Johnathan Irvin

Frequently Asked Questions

What experience do you have in the field of software development?

I have written everything from the front-end user interfaces to the backend database and everything in between. I have spent time writing software multiples companies ranging from small to large. I have written software for several industries including cybersecurity, retail, and manufacturing.

I have a passion for teaching and mentoring others. I have taught software development to dozens of people over the years. I have taught in both formal and informal settings. I have also written blog posts.

How did you get into software development?

Since I was a toddler I have had an interest in computers. I attempted to take my toys and shove them into my parents' computer to "make them work." Despite many years, I've never been able to get a 3.5-inch floppy disk to work with any of my oddly shaped plastic toys.

Later, when I was about seven years old, my father stole me away to the library. He showed me how to use the computers there. I was hooked. The library's computers had time limits. I wasn't able to explore them for more than half-an-hour. That day we went home with a book on QBasic.

What are your strengths and weaknesses?

My biggest strength is providing creative solutions. I show promise in my attention to detail and dedication to my work. I also have experience leading teams, which has forced me into effective communication.

My weaknesses include my occasional perfectionism, which can lead to me spending too much time on minor details, and my tendency to get bogged down in the details of a problem instead of seeing the big picture.

What salary are you looking for?

A salary should be fair and commensurate with my experience and qualifications. The proposal should also reflect the company's budget and the current market value for my skill set. If the range on the provided contract or job description is too low, I will be sure to decline professionally.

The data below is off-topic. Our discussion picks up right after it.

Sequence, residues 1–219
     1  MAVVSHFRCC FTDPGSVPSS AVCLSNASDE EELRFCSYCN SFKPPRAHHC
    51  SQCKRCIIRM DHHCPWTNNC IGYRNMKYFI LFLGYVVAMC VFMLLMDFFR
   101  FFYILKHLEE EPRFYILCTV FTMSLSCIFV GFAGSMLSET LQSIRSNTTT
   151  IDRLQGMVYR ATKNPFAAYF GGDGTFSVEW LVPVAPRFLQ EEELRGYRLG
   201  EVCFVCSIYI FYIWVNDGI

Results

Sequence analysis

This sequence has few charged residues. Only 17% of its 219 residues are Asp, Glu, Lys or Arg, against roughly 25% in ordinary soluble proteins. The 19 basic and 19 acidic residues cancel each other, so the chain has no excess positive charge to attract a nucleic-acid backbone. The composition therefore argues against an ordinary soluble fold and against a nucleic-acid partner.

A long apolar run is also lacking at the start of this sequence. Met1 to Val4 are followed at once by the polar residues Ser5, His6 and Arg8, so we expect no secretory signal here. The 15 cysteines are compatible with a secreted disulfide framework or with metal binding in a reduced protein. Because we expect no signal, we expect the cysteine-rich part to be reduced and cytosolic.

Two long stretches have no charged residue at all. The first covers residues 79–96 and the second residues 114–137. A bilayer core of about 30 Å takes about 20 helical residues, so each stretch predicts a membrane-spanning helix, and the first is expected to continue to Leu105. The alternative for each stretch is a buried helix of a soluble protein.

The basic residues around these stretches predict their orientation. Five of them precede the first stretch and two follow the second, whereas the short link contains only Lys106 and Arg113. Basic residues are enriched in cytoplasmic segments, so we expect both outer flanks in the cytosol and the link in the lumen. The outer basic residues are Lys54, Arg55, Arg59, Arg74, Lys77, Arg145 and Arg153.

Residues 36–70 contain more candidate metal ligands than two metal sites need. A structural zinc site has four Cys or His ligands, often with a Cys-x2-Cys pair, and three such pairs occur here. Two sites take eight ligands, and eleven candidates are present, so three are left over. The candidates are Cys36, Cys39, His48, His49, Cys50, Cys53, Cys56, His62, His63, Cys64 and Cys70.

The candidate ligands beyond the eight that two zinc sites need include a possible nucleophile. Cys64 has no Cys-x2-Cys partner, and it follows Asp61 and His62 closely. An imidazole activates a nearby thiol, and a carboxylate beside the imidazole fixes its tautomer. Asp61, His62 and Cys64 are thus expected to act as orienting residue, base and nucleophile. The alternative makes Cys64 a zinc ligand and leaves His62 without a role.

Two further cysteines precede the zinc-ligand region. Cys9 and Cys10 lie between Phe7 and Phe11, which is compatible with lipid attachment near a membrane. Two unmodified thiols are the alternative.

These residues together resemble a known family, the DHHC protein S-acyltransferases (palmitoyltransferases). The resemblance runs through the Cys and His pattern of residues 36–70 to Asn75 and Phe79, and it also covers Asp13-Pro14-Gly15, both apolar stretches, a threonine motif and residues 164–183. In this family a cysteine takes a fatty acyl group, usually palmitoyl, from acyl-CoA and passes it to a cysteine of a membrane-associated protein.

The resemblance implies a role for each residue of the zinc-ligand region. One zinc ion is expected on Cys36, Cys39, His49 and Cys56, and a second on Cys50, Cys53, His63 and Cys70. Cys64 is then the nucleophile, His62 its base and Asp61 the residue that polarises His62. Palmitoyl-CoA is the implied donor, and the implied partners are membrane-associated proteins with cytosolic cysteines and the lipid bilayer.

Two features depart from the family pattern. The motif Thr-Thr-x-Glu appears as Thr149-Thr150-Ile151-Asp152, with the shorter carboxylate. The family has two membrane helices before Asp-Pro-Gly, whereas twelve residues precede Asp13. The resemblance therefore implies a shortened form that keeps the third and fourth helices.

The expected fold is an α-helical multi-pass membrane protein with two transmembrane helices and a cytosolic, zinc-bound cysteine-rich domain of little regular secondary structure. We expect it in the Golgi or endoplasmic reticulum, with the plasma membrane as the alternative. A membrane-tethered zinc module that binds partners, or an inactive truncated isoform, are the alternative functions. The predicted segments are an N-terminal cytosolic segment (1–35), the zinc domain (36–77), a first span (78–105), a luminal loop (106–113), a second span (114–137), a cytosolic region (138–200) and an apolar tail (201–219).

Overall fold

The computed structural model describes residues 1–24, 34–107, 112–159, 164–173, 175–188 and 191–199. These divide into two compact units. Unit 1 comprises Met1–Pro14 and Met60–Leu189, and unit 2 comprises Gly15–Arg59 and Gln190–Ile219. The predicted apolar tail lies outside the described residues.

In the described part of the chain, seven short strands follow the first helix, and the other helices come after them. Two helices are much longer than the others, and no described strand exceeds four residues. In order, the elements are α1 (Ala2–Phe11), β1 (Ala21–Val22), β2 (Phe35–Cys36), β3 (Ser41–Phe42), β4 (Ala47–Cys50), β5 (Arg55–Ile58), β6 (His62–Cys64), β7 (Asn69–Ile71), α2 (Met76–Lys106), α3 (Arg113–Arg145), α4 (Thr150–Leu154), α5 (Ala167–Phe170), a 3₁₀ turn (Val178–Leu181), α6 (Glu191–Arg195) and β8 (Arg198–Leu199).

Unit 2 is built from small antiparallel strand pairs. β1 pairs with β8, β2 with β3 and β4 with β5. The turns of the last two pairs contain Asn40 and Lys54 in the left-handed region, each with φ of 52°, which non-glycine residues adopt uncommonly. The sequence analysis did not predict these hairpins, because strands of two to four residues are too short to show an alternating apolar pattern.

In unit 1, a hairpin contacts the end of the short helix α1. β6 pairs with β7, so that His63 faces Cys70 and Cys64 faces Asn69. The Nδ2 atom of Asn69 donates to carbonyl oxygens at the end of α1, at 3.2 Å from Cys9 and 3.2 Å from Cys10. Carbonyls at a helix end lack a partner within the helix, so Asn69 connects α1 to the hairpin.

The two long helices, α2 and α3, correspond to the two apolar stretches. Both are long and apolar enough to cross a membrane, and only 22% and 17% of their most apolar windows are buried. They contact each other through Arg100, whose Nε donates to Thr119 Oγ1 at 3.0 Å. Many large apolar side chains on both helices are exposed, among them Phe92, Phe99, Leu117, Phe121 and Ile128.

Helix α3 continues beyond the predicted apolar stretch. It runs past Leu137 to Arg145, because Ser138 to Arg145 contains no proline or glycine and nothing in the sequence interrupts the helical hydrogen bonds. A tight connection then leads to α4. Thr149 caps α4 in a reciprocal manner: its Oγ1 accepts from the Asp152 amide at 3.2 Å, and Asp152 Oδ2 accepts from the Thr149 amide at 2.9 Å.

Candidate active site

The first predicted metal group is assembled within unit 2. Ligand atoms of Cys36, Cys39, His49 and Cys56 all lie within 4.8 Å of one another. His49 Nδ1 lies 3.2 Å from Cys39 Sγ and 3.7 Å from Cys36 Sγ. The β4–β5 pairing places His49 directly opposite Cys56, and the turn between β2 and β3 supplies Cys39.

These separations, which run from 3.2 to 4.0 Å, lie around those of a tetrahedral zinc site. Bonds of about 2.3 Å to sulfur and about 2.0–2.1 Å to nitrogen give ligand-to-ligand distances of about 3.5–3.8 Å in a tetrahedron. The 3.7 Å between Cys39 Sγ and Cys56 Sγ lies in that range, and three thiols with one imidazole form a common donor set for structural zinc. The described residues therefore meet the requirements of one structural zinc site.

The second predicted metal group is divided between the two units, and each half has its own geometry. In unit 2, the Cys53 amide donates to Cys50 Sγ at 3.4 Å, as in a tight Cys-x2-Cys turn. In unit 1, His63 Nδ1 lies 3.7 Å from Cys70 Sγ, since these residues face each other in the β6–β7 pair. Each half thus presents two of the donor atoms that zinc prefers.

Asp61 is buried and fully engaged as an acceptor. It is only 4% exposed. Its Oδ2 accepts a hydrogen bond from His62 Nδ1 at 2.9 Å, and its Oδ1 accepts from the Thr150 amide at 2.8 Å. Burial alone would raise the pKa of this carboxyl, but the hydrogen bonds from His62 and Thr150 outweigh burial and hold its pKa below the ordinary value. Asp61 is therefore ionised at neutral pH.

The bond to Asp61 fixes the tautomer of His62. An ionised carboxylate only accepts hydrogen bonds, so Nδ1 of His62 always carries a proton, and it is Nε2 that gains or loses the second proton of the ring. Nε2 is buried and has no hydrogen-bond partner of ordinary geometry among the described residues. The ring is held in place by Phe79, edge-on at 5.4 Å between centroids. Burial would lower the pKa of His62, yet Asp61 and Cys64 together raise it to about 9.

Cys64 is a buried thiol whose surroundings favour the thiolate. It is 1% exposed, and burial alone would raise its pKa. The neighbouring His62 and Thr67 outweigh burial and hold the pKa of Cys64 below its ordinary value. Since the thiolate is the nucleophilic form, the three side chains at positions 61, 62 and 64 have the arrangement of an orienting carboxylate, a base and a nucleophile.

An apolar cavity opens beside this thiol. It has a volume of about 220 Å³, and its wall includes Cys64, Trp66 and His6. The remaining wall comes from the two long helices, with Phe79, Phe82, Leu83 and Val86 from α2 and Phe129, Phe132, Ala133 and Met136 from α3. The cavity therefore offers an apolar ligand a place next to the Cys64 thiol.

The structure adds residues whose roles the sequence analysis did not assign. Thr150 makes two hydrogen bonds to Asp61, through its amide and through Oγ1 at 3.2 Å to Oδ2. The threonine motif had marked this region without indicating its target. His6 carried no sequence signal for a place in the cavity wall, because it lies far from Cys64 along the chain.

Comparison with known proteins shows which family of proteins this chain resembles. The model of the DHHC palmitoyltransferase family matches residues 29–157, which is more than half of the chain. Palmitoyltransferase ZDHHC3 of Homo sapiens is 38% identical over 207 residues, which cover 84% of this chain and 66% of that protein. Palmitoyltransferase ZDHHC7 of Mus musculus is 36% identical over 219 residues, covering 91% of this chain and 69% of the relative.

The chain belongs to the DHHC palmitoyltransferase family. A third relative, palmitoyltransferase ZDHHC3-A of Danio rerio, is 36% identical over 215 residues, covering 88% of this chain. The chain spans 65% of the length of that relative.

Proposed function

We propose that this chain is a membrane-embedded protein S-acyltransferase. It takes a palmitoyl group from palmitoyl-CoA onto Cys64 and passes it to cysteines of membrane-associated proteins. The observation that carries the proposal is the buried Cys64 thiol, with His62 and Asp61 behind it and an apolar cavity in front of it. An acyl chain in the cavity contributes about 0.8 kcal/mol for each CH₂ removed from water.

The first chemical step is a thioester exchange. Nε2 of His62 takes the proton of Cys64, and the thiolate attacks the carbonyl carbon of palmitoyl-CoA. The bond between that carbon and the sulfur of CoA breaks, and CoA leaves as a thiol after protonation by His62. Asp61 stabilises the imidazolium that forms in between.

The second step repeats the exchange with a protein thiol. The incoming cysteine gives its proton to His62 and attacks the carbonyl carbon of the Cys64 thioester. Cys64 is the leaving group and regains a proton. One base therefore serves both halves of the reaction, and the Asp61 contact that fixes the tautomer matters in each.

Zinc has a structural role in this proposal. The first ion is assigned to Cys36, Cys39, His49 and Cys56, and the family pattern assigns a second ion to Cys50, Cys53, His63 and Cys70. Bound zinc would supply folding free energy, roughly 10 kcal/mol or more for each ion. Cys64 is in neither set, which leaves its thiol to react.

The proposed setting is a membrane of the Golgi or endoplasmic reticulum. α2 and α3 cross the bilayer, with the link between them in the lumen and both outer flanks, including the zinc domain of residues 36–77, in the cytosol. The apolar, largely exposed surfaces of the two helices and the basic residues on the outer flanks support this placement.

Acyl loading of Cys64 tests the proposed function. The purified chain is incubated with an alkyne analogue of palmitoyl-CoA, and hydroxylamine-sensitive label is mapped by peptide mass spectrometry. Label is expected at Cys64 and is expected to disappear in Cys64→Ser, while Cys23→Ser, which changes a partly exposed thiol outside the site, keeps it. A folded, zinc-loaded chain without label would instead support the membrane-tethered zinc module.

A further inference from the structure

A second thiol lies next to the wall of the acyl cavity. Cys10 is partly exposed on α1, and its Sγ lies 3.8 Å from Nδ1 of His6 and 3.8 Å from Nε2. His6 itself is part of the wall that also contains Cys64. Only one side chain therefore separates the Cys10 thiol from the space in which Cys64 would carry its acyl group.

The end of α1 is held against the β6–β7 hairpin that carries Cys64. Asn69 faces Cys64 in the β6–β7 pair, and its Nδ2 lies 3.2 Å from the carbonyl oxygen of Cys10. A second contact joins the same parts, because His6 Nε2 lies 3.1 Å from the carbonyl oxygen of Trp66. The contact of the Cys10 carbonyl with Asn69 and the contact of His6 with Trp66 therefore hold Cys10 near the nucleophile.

Contact me on Linkedin if you are interested in working with me.

Are you willing to relocate?

Relocation is obsolete for software engineers. The industry has shifted to allow for work from home. These options eliminate the need for expensive relocations.

The cost of living and working in different parts of the country can be expensive, and often requires a higher salary to maintain the same standard of living. This is especially true in larger metropolitan areas.

The work from home options that are available for software engineers eliminates the need for costly relocations, and allows for a more flexible lifestyle.

When can you start?

I need four weeks before starting a new employment. Two weeks for my current employer and two weeks for vacation.

The vacation is a reward because life is too short to work all the time.

Describe a time when you had to overcome a challenge at work.

I once took over a team of engineers on a code base written by a single junior engineer. Code was in a terrible state, the project was behind schedule, and feature delivery time was on a downward spiral. I had to work long hours for several months to get the team back on track. The frustrated customer became happy again.

I was able to turn the team around by doing a few things:

  1. I sat down with the team and discussed the current and future state of the project.
  2. I set up a daily stand-up meeting so that everyone could stay on the same page.
  3. I instituted a code review process for all merges.
  4. I worked closely with each team member, providing daily 1-on-1 guidance.
  5. I consistently under-promised and over-delivered.
  6. I implemented trunk-based development.
  7. I reduced deployment cycles from 1 month to 1 week with intentions for daily deployments.
  8. I automated end-to-end testings, eliminating multiple-day manual quality assurance tests.

Describe a time when you made a mistake at work and how you handled it.

I dropped a production environment.

I had just taken over a project with an "interesting" deployment strategy. It used a bunch of semi-manual jobs and required manual developer intervention. One of the extra jobs happened to be "drop production."

I was in the process of releasing a new version to a production environment when I clicked the little devil. It was late, as most production deployments are. I was the only one in the office. I remember thinking, "Oh crap, I shouldn't have done that."

Fortunately, I quickly got everything back up and running with some backups taken before I went into maintenance mode. Bonus, this software was in early beta.

The meeting with my boss in the morning was interesting. I killed the button while my boss watched.

It happens to the best of us.